Crime and Punishment

PETER A. JAY

September 20, 1992|By PETER A. JAY

HAVRE DE GRACE — Havre de Grace. -- That was a poignant headline in The Su last Sunday: "Grief vies with disbelief as Basu is laid to rest." The story beneath it was a report of the funeral services of Pam Basu, mother and scientist, dragged to her death in Howard County by car-jackers.

There has been grief aplenty at this horrible and stupid crime, God knows, but disbelief is hardly the word. Disbelief implies incredulity, but we are incredulous no longer. We have learned that in 1992 acts of violence such as this can occur anywhere and at any time, and that when those who commit them are caught and punished, the punishment actually imposed will to a reasonable person appear appallingly light.

The death of Mrs. Basu was followed by a predictable clamor. There were cries for tougher laws and for more police protection. Governor Schaefer, among others, proposed increasing the sentences for convicted car-jackers. He went so far as to say that the death penalty could be in order for car-jackers who murder.

This is all fine, as far as it goes, but it misses an important point. The young men who commit most of the violent crimes in our country are not deterred by laws, nor by the prospect of prison. Time in jail, they have learned, can be a positive experience, an important step to becoming stronger, harder and more respected on the streets.

The New York Times reported in some detail last Sunday on this unsettling new cultural development. Young men who have gone to prison are now likely to say that it's simply something that almost everyone they know does, just as a generation or two back almost everyone served in the Army. It means a period of structured and restricted but not unpleasant living, and those who have completed their hitch can feel a certain pride, a reinforced sense of manhood.

With this in mind, what should a just society do about crimes such as the car-jacking murder of Pam Basu, and how should they be deterred? The common-sense answers have been highly unfashionable for the last couple of decades, but they're starting to attract attention once again.

To begin with, a just society should impose serious punishment for serious crimes. For some crimes, including most murders, this should almost certainly mean capital punishment. A society that doesn't treat its killers severely not only isn't just, not only forfeits the respect of the guilty and the innocent alike, but has the blood of the victims on its hands.

New laws alone won't help much. By itself, Governor Schaefer's proposal to make murder-while-car-jacking a capital crime means little. It won't be worth taking seriously until murderers start being put to death in numbers appropriate to the murder rate.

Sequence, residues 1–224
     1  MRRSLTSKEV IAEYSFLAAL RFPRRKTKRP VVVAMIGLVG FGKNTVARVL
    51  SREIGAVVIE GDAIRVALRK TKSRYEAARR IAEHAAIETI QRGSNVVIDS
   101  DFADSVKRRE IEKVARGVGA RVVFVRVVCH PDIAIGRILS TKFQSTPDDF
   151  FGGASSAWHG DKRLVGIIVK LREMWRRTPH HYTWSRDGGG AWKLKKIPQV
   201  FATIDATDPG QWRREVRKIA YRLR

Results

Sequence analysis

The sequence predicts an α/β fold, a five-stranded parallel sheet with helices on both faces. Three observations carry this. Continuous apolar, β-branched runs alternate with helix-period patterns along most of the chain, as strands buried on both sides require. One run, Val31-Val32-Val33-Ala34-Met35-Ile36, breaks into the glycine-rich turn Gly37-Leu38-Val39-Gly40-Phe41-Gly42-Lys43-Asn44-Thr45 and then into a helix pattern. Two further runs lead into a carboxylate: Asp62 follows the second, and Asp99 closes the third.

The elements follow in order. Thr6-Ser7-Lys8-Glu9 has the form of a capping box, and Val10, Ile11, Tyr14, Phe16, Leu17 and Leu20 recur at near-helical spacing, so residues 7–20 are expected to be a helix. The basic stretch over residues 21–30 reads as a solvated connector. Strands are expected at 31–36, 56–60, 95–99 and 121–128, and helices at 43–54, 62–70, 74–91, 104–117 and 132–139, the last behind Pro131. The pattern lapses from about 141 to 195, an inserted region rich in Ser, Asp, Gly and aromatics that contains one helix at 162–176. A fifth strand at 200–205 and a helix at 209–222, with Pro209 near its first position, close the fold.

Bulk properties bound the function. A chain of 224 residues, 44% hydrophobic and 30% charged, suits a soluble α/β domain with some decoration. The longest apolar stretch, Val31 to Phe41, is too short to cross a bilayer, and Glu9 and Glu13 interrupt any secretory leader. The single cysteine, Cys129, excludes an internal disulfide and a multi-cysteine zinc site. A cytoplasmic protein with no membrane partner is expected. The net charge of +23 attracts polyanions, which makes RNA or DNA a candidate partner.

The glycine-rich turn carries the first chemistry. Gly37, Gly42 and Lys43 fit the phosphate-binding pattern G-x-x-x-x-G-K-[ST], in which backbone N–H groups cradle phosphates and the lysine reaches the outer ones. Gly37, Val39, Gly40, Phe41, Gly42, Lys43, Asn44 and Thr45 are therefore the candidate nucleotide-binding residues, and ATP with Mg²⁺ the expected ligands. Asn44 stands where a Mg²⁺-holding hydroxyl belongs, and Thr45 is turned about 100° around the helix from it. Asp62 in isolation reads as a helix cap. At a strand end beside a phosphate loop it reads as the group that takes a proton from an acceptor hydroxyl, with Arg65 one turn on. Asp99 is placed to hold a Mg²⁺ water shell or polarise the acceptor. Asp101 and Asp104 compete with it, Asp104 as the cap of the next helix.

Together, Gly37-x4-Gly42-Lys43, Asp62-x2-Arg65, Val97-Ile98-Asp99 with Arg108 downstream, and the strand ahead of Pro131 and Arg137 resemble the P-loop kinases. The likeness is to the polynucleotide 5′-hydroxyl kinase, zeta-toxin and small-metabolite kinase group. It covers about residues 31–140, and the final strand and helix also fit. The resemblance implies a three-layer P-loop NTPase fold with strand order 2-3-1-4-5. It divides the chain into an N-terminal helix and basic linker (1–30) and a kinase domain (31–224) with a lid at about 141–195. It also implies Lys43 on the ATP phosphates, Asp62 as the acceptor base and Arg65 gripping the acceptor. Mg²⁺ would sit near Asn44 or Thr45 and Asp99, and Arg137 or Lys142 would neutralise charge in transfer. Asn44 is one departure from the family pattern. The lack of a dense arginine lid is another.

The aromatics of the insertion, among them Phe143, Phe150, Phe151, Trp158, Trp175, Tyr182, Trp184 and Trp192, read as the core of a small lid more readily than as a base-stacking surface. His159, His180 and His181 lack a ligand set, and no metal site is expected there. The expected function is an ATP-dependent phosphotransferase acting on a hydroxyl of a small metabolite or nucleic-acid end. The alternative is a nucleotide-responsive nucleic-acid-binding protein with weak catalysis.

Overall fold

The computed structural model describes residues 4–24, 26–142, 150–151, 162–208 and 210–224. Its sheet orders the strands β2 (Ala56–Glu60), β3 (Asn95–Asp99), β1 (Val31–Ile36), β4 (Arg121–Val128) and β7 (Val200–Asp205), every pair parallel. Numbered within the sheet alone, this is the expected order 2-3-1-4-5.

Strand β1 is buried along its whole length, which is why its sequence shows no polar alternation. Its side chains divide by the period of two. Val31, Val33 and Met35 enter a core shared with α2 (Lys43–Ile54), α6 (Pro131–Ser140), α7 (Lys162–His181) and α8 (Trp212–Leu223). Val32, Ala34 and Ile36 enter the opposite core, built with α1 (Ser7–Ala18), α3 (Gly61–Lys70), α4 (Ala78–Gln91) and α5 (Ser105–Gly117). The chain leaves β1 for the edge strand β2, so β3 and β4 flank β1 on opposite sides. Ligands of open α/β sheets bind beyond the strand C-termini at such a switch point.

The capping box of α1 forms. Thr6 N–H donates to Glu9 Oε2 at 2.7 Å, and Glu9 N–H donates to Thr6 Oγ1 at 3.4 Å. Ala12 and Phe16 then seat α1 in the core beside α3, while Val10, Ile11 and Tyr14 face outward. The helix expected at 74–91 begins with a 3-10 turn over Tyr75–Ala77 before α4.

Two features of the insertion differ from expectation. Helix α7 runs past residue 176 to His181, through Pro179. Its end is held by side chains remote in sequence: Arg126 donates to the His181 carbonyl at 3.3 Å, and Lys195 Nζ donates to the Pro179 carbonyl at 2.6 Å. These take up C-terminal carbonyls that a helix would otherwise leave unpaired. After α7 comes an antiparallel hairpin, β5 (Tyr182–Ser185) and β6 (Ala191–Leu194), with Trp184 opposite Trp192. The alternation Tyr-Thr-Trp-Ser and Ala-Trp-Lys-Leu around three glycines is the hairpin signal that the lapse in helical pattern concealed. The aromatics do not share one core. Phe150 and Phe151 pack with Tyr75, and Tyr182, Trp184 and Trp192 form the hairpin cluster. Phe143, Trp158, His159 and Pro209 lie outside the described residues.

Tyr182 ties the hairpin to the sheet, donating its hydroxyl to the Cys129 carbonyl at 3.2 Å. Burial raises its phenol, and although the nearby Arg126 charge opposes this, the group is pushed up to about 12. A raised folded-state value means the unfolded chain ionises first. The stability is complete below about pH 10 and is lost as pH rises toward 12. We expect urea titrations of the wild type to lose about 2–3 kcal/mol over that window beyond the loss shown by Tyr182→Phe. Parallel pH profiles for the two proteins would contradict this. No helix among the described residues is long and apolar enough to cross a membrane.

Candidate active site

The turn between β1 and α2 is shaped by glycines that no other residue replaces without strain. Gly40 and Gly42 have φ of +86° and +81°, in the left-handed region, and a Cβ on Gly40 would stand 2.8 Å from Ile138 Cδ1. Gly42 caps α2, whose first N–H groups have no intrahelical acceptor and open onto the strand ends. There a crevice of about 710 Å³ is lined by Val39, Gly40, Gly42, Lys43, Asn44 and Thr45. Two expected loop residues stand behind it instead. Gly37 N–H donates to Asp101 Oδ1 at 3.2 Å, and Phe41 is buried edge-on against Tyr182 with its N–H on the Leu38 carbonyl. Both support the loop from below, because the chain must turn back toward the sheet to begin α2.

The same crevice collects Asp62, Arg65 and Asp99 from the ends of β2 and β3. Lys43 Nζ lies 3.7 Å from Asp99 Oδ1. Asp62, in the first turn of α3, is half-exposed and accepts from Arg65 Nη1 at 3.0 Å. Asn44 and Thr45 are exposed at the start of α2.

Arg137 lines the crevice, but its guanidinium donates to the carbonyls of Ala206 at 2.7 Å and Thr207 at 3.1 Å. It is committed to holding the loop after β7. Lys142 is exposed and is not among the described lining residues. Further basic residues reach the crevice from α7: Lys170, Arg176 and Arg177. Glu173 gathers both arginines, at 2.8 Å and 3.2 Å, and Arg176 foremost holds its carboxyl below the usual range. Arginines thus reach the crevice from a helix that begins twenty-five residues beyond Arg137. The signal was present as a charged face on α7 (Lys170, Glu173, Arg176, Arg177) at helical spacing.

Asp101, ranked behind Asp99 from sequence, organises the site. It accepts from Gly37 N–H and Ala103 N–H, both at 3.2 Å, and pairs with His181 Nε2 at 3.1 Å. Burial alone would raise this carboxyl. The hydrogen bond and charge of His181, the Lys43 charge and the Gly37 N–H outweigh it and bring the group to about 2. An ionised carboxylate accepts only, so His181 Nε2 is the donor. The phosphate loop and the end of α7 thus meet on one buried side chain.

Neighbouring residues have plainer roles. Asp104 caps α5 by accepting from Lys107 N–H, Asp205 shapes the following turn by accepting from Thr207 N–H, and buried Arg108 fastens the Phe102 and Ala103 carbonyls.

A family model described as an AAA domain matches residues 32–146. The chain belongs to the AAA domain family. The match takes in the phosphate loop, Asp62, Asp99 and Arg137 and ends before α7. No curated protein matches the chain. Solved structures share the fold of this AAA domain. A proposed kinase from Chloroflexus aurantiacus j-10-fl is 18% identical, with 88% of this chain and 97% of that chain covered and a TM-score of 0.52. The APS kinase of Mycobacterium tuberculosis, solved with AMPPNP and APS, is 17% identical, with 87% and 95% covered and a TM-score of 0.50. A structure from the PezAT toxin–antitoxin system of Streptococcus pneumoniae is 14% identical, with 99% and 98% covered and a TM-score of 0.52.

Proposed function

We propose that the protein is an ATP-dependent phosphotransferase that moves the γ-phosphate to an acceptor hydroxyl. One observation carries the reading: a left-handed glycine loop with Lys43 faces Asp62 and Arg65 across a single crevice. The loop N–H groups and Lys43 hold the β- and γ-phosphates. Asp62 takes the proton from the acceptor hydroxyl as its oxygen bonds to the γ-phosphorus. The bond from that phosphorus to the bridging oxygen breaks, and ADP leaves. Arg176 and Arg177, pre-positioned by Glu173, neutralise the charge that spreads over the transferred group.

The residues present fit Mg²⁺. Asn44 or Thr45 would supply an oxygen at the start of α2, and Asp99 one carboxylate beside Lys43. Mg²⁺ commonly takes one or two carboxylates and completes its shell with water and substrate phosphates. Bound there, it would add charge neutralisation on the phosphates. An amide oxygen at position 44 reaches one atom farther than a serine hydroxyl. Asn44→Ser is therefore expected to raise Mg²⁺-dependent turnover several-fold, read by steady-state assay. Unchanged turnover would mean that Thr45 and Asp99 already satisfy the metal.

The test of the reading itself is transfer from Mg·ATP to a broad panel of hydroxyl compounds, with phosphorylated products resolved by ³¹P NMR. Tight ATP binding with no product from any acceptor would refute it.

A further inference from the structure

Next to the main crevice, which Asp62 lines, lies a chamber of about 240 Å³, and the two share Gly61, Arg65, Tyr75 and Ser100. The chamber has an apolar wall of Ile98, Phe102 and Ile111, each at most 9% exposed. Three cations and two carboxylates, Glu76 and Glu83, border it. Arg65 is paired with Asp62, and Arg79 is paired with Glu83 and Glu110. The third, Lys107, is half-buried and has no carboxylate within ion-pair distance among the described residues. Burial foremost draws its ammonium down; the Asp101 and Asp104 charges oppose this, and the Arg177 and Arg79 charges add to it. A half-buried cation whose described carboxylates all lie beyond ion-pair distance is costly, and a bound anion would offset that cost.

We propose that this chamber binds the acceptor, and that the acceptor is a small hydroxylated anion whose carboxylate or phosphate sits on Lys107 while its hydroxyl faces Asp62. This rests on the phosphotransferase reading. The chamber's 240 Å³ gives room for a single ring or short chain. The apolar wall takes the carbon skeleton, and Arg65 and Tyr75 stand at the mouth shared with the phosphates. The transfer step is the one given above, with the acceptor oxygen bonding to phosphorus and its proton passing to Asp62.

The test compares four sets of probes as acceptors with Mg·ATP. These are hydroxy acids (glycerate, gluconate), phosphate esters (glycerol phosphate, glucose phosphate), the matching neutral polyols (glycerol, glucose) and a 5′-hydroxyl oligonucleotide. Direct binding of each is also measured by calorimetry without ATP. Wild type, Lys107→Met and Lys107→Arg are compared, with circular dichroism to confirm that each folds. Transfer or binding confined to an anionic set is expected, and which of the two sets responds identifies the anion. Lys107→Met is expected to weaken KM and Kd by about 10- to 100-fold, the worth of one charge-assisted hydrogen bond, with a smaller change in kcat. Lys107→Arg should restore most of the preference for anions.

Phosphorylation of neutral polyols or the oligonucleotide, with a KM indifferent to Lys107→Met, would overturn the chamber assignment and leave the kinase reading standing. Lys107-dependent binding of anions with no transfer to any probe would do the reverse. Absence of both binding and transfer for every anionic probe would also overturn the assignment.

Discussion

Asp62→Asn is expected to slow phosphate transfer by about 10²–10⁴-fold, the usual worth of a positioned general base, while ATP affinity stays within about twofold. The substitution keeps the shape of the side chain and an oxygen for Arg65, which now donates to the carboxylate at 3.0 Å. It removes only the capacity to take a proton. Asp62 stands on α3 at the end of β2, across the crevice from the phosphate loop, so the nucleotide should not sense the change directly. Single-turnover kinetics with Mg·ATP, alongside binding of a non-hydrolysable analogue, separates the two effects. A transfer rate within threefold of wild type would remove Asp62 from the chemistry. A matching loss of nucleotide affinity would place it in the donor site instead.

This may never happen. But if a society that aspires to be just cannot bring itself to execute its murderers, then it's obligated to do something else with them. About the only alternative is permanent incarceration. "Warehousing" is a pejorative term in the language of penology, but secure warehousing -- no matter how unpleasant or dehumanizing -- is exactly what's needed. On the whole, execution is more humane.

In addition to punishing criminals promptly, visibly and effectively, what else can a just society do to provide the stability and safety that progress requires? It can establish a low tolerance for disorder. In this country, the realization is gradually dawning that this is not a euphemism for racial oppression. In fact, it's a recipe for greater racial harmony, for it serves the interest of all races.

In a speech earlier this year, the black economist Thomas Sowell recalled growing up in Harlem in the 1940s. He observed that more black males passed the difficult entrance examination for Stuyvesant High School in 1938 than in 1983, though in 1983 the black population of New York was much larger.

He observed that while during his school days the test scores of black students in Harlem were a bit lower than those of white students in affluent areas, they were generally comparable to those of white students from working-class New York neighborhoods. Those who succeeded in the Harlem schools then, he said, had received a solid education. They had been prepared to go out into the world and compete.

The Harlem students of Mr. Sowell's generation had plenty of disadvantages, including de facto segregated schools; few black teachers to serve as role models; no teachers' aides; no "community input;" no concern that teaching be "innovative" or "exciting." But they did have an orderly school environment, without security guards or metal detectors. It was an environment in which learning was possible.

Re-establish order in the streets, and you can re-establish it in the schools. Re-establish it in the schools, and you can raise school standards. Raise school standards, and you can improve neighborhoods. Improve neighborhoods, and you can improve tax revenues and make possible better government services. There is nothing secret or mysterious about this process, but it has to start with order.

Re-establishing order in the streets -- and at the filling stations where the car-jackers wait -- requires not one step, but many taken together. It requires a coherent public philosophy that demands the appropriate and prompt punishment of criminals and the strong support of government policy for the law-abiding majority, regardless of race.

Speedy justice in the Pam Basu murder case won't produce safe streets. Stamping out car-jacking won't do that either. But we have to start somewhere, and it might as well be here, and now.

Peter A. Jay's column appears here each week.

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